The lectionary offers passages this week, which remind me of an important principle of interpretation: don’t take it at face value.
In his short letter to the church in Phillipi, the apostle Paul writes:
“Whatever gains I had, these I have come to regard as loss because of Christ …
this one thing I do: forgetting what lies behind and straining forward to what lies ahead.”
Paul is focussed on the future, working for the future and running with enthusiasm into the future. Life will change, and for Paul, it is clear that God wills this change, and therefore it will take place. Change is inevitable, and divinely-authorised. So, orient yourselves to what lies ahead.
But the warning to interpreters is: don’t take it at face value! In Philippians 3, Paul speaks about his past in quite derogatory terms. In fact, he swears about his past. That might not be evident in the translation that we regularly use. But it is what is happening here.
Now, I have to confess that when I taught Greek to theological students, this was one passage that I enjoyed setting for students to translate. Because there is one word in this passage which is very rare, not often found in the Greek literature of the day. It needs investigation. And more often that not, when they work out what the word means, my students would say: Paul can’t have said that, can he?
Our English translation says that Paul wrote: “I count all these things as loss”. My Greek dictionary offers these rather polite options for translating the one critical word: “rubbish, refuse, dung”. The reason the word appears infrequently in Ancient Greek literature is that it actually was a popular, and very base, swear word. I will let your imagination take hold here. We have an equivalent in English: a four letter word that refers to the waste products of our bodily systems. Paul was not being very complimentary about his past, in this verse!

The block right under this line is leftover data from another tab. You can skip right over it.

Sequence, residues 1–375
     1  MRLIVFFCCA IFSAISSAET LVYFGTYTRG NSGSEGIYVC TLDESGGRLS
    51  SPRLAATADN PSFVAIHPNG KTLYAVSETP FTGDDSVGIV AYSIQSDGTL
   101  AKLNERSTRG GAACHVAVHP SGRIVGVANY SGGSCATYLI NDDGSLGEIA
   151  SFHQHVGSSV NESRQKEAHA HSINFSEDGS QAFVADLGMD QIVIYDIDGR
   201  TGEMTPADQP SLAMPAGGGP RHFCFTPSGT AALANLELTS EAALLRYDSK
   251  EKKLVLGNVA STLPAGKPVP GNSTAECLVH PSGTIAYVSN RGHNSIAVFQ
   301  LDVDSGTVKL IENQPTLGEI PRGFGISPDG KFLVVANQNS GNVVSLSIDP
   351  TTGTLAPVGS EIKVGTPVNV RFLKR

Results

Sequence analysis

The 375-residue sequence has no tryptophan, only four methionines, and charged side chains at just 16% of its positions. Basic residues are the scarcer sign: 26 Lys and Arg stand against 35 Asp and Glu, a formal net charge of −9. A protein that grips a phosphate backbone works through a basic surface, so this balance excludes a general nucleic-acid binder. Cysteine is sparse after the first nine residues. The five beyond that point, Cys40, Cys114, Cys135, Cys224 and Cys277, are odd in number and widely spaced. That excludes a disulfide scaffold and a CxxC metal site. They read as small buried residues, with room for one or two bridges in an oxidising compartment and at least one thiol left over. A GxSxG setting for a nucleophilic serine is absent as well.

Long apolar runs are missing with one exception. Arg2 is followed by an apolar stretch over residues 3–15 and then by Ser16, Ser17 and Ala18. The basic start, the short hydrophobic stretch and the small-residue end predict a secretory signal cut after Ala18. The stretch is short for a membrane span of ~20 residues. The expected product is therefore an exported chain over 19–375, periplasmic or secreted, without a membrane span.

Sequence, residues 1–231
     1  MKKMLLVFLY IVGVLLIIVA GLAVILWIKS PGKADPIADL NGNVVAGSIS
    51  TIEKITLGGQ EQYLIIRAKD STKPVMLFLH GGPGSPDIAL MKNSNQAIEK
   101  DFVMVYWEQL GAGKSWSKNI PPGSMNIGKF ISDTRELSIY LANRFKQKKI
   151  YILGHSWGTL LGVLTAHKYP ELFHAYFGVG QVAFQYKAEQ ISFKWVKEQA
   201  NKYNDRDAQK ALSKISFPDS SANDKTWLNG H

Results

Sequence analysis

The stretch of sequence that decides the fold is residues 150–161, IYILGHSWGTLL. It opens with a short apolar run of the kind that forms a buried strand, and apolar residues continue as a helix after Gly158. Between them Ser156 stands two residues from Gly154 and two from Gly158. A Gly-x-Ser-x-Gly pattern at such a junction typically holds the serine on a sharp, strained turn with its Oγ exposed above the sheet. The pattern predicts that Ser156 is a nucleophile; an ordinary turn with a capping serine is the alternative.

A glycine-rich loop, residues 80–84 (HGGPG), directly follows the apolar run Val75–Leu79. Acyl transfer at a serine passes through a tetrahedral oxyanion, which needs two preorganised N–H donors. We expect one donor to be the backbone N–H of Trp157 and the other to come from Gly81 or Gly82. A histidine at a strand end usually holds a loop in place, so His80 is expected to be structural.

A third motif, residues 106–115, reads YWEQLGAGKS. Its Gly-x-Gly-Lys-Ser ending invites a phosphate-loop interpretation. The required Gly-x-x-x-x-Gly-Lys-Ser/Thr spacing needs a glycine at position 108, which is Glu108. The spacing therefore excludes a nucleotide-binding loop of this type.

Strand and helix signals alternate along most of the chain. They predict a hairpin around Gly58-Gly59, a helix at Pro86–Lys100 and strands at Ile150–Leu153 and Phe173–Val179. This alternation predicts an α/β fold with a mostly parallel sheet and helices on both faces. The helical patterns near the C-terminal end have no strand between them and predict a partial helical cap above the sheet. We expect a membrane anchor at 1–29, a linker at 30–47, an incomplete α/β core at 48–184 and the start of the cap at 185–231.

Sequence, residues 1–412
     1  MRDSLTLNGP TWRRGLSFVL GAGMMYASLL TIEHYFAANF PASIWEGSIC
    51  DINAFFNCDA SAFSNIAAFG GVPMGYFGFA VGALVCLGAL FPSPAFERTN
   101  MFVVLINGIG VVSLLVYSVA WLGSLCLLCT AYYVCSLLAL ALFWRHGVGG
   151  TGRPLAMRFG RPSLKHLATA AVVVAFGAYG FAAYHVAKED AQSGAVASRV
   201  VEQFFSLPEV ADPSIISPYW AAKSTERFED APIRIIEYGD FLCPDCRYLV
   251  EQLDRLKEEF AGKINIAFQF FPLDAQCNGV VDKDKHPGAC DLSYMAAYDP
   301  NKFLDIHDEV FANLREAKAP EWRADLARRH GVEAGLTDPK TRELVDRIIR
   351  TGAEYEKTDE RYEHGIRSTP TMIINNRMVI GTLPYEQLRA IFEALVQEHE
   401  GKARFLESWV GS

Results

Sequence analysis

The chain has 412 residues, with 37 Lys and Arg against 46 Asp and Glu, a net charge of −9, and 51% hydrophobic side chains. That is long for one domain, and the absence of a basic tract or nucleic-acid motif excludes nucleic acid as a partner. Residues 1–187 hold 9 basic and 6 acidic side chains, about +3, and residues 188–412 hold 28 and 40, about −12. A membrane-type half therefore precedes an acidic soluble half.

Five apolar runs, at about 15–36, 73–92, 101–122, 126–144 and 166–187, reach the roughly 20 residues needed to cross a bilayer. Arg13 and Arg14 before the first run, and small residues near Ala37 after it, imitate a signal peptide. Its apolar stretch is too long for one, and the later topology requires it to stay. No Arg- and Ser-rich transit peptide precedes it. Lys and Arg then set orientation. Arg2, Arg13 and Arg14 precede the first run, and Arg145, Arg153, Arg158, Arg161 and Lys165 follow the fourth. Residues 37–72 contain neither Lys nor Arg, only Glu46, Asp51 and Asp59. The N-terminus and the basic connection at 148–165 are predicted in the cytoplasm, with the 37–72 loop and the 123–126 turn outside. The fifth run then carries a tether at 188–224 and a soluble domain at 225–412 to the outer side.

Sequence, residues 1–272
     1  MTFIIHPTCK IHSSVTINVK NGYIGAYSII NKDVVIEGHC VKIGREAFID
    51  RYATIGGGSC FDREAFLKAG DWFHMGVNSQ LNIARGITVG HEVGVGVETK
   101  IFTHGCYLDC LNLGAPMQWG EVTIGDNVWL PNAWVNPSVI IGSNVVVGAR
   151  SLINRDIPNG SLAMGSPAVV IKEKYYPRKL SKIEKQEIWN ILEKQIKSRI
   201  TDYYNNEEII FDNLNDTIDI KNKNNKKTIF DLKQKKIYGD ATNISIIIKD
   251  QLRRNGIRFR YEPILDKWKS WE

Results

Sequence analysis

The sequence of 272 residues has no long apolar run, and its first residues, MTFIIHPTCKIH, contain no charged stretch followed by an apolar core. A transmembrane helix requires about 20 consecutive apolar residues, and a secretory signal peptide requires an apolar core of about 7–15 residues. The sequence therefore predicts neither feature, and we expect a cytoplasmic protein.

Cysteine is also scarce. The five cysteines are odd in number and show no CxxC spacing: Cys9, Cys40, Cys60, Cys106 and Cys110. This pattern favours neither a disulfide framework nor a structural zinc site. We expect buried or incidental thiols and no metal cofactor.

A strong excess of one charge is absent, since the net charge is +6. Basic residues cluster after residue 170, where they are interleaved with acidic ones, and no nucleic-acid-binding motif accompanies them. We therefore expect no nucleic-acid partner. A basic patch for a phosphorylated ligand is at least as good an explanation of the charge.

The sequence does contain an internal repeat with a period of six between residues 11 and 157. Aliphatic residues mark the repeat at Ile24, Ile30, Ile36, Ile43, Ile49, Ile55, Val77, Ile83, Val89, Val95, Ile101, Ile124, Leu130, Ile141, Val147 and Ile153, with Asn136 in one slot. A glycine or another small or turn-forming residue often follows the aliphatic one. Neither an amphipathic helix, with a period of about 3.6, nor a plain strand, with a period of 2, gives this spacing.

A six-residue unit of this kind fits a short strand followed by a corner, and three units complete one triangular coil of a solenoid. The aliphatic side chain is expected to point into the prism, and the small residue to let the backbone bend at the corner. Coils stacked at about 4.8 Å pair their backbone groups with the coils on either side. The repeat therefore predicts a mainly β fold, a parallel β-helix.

However, the irony is that when we look at the way that Paul operated, we see that he drew extensively on his own past. Raised as a Pharisee, grounded in the knowledge of Hebrew scripture, trained in the interpretation of the laws and commandments—there are signs of this way of operating in each of Paul’s letters! He quotes scripture, analyses it carefully, and argues against other views using classic Pharisaic methods—far from disposing of his Jewish past in the rubbish bin, he drew, again and again, on the resources available to him in his life, precisely because of that past.
Now, that is not to say that Paul did not orient himself to the future, and work in ways that were more developed and more mature than the ways he had learnt as he grew up. Indeed, Paul writes and speaks in Greek—not his native language, for as a Jew he would have learnt scriptures in Hebrew, and spoken Aramaic to fellow Jews. Yet, as apostle to the Gentiles, in the world that had become dominated by Hellenistic culture and customs, he learnt Greek; to the extent that his letters display many characteristics of the sophisticated, learned style of a mature Hellenistic philosopher.
Paul holds together the past and the present, as he works to bring about the future that is promised, in his understanding of God’s ways in the world. Paul’s past informs and shapes his present; just as the cultural context of those around him feeds into the way he relates to people. And that, more than just one ill-thought throwaway line, defines the way that we understand Paul, and provides us with a model for how we are to grapple with past, present and future in our own times.
On the Gospel passage for this week, from John 12, see https://ruralreverend.blogspot.com/2019/04/this-weeks-lectionary-reading-from-john.html